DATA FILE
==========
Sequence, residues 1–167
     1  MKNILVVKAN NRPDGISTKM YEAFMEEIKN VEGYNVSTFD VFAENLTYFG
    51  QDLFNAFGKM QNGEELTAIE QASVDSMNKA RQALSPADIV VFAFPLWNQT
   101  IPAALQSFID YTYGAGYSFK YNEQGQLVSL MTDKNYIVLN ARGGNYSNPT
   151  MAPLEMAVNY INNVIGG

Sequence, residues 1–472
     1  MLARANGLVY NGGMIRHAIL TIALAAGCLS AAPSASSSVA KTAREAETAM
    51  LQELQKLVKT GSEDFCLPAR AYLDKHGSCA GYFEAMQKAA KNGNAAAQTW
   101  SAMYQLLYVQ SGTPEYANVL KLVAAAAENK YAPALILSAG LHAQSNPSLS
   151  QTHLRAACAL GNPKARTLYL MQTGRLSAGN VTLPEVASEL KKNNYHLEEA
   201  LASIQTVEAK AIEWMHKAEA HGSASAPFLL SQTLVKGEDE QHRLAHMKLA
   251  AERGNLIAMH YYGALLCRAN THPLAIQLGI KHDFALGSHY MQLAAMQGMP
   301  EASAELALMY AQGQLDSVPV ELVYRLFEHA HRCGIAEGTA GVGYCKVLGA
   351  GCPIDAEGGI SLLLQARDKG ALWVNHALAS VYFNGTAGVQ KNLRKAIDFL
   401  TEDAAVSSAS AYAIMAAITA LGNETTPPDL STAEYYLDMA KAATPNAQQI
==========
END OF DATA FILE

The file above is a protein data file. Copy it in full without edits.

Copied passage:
Sequence, residues 1–167
     1  MKNILVVKAN NRPDGISTKM YEAFMEEIKN VEGYNVSTFD VFAENLTYFG
    51  QDLFNAFGKM QNGEELTAIE QASVDSMNKA RQALSPADIV VFAFPLWNQT
   101  IPAALQSFID YTYGAGYSFK YNEQGQLVSL MTDKNYIVLN ARGGNYSNPT
   151  MAPLEMAVNY INNVIGG

Sequence, residues 1–472
     1  MLARANGLVY NGGMIRHAIL TIALAAGCLS AAPSASSSVA KTAREAETAM
    51  LQELQKLVKT GSEDFCLPAR AYLDKHGSCA GYFEAMQKAA KNGNAAAQTW
   101  SAMYQLLYVQ SGTPEYANVL KLVAAAAENK YAPALILSAG LHAQSNPSLS
   151  QTHLRAACAL GNPKARTLYL MQTGRLSAGN VTLPEVASEL KKNNYHLEEA
   201  LASIQTVEAK AIEWMHKAEA HGSASAPFLL SQTLVKGEDE QHRLAHMKLA
   251  AERGNLIAMH YYGALLCRAN THPLAIQLGI KHDFALGSHY MQLAAMQGMP
   301  EASAELALMY AQGQLDSVPV ELVYRLFEHA HRCGIAEGTA GVGYCKVLGA
   351  GCPIDAEGGI SLLLQARDKG ALWVNHALAS VYFNGTAGVQ KNLRKAIDFL
   401  TEDAAVSSAS AYAIMAAITA LGNETTPPDL STAEYYLDMA KAATPNAQQI